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A Fan's View

Twins baseball from the perspective of a long-time fan

Section 219: A suggestion I'm glad I didn't make about the Twins

Last week at this time, fresh from the three games of awful in New York and without much reason for optimism, I suggested the Twins confess to the sins of 2015 and use the rest of the season to prepare for 2016. I stopped just short of suggesting the "playoff race" drinking game, where we'd take one for the team every time Dick 'n' Bert or Cory 'n' Dazzle or Anthony or Roy or any of the others in the media would use those words in a sentence.

Now, look what's happened. Six road victories in a row against teams that were in the Wild Card battle, combined with a cluster of losses by other contenders, have returned the Twins to "if the season ended right now, the Twins would be in the postseason" position.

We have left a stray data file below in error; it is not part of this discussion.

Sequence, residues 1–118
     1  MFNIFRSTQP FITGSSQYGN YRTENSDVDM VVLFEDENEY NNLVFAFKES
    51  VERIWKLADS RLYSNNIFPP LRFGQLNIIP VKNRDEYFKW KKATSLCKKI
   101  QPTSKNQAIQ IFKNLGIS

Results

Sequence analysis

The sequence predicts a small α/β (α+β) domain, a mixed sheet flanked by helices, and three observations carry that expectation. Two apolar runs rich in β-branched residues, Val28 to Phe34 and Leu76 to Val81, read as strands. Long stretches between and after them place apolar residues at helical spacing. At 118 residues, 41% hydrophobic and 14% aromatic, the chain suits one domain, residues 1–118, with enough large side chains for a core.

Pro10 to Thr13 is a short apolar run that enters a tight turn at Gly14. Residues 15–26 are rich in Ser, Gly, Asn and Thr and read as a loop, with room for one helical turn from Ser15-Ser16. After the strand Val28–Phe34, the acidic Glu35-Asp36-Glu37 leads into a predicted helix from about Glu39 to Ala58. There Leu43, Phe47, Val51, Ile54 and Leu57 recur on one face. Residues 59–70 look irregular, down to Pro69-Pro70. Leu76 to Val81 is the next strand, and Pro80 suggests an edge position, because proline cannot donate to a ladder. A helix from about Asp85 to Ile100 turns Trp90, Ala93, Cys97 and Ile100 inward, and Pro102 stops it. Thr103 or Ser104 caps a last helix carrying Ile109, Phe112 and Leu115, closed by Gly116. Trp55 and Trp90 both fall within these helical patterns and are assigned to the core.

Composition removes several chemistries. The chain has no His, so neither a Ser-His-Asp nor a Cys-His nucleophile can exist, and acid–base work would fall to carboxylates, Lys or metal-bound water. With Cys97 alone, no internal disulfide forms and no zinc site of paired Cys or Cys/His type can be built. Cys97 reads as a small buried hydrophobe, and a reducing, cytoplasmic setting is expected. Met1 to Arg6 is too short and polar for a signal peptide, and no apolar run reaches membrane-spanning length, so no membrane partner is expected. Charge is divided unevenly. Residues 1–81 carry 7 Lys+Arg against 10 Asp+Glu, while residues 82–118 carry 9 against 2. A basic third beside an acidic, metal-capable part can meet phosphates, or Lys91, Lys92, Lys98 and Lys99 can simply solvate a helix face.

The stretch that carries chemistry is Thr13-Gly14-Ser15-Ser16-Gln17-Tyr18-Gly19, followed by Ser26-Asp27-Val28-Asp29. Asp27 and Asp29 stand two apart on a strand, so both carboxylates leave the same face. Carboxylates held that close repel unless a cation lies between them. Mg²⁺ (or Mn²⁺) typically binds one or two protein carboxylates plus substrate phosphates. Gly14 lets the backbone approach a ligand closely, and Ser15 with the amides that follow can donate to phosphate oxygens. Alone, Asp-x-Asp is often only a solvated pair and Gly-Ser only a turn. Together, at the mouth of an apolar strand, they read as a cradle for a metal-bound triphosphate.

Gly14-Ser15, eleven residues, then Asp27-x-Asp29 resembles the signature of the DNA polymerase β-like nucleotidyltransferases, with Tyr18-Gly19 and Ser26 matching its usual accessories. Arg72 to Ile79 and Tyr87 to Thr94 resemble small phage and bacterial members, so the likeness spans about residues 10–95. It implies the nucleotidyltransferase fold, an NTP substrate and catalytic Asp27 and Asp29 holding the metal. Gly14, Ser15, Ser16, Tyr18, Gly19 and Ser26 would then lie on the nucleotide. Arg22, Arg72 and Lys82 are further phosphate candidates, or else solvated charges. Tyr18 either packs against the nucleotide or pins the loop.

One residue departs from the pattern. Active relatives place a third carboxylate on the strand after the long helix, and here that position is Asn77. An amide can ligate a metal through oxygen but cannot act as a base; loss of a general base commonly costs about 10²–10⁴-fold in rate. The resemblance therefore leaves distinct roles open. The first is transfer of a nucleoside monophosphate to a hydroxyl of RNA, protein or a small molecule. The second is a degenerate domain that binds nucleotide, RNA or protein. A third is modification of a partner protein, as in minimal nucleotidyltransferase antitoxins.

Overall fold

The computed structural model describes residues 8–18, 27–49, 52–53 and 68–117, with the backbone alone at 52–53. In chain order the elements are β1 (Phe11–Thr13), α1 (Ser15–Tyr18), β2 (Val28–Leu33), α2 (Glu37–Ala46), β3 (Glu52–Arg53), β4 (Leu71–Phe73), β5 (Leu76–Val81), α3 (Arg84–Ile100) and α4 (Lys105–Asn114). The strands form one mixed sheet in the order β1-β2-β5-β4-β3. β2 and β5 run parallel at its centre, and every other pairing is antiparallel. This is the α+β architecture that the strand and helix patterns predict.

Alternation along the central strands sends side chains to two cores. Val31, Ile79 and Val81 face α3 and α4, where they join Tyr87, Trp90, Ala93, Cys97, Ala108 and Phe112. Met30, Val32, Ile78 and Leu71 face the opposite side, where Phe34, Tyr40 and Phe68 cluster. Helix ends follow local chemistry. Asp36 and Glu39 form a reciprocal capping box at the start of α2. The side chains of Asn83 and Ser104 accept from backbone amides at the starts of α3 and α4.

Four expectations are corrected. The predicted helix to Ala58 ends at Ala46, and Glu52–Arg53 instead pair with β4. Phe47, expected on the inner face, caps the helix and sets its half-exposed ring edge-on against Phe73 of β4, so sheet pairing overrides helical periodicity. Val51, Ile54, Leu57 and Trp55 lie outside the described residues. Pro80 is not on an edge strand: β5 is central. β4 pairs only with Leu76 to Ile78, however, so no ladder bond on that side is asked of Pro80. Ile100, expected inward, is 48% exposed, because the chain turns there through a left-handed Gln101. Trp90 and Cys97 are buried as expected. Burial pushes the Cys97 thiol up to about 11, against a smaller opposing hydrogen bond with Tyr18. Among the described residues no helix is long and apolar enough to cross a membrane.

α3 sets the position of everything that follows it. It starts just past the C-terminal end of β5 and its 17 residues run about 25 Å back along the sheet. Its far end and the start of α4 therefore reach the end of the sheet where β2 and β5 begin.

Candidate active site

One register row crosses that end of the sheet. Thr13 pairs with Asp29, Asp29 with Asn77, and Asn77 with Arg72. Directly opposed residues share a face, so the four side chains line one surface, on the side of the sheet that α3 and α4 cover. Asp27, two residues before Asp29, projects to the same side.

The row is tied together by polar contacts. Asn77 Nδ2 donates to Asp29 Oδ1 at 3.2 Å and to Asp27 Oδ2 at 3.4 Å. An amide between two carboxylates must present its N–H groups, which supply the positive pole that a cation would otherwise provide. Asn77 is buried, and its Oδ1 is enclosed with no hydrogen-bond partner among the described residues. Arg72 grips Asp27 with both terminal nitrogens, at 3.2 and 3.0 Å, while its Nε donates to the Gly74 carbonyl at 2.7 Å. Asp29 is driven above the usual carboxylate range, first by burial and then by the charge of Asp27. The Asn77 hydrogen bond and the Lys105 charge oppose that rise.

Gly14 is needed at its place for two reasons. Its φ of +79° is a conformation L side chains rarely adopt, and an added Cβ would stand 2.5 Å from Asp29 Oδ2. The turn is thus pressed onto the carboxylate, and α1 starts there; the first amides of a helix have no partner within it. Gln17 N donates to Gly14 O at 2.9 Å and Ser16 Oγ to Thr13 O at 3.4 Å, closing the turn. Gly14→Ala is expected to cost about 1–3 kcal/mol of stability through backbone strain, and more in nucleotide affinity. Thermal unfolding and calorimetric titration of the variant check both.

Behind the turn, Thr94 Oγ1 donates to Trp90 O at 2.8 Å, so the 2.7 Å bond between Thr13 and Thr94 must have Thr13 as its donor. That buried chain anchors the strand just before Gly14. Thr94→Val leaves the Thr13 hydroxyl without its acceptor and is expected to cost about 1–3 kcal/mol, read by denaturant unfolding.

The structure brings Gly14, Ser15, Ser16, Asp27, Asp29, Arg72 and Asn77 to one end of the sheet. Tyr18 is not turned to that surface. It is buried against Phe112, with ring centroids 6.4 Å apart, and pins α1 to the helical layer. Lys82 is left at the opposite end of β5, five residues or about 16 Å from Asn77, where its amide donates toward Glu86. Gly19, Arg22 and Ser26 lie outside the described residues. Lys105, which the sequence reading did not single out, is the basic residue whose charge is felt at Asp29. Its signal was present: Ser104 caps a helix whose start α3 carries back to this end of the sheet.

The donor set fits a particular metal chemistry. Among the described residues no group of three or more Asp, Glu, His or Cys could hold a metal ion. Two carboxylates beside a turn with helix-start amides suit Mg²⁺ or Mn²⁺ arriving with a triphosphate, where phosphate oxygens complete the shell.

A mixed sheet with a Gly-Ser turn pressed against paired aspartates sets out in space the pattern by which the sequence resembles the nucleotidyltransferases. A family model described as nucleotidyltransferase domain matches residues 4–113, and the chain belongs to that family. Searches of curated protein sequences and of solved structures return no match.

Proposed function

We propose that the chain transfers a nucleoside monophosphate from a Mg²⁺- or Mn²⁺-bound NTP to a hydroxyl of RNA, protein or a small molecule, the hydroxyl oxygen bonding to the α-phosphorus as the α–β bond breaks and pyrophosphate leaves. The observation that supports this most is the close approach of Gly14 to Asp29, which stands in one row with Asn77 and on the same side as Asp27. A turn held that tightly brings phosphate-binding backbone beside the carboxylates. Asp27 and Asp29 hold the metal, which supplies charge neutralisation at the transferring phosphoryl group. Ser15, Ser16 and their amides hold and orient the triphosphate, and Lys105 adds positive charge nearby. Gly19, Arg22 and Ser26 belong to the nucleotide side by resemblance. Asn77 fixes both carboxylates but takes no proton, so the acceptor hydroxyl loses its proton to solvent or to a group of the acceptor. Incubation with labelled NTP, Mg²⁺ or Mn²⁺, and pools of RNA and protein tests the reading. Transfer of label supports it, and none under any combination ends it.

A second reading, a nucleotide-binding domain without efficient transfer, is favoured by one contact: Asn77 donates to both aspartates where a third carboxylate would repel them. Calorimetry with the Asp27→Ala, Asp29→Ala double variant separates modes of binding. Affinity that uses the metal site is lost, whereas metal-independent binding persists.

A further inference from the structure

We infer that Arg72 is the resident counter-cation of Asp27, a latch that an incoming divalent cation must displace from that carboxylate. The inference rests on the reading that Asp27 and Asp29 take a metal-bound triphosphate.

Baseball Prospectus still only gives them about a 1 in 5 chance of really making the playoffs, but we've now reached the end of August and the games are still packed with meaning.

One of my Twitter buddies, Dan Cook from WCCO, cut me slack and explained what happened when he responded to one of my Tweets on Wednesday night:

Here's what's happened. Players have stepped up and stepped in to make up for things that have gone bad.

The rookie Tyler Duffey has stepped into the Phil Hughes spot and recovered from his awful debut. ... Kevin Jepsen has filled in excellently for closer Perkins in the last week. ... The young outfielders have covered quite well for 40-year-old Torii Hunter, whose batting numbers are .163/.217/.306 since July 19. ... Trevor May has done what's been needed in the bullpen and done it very well.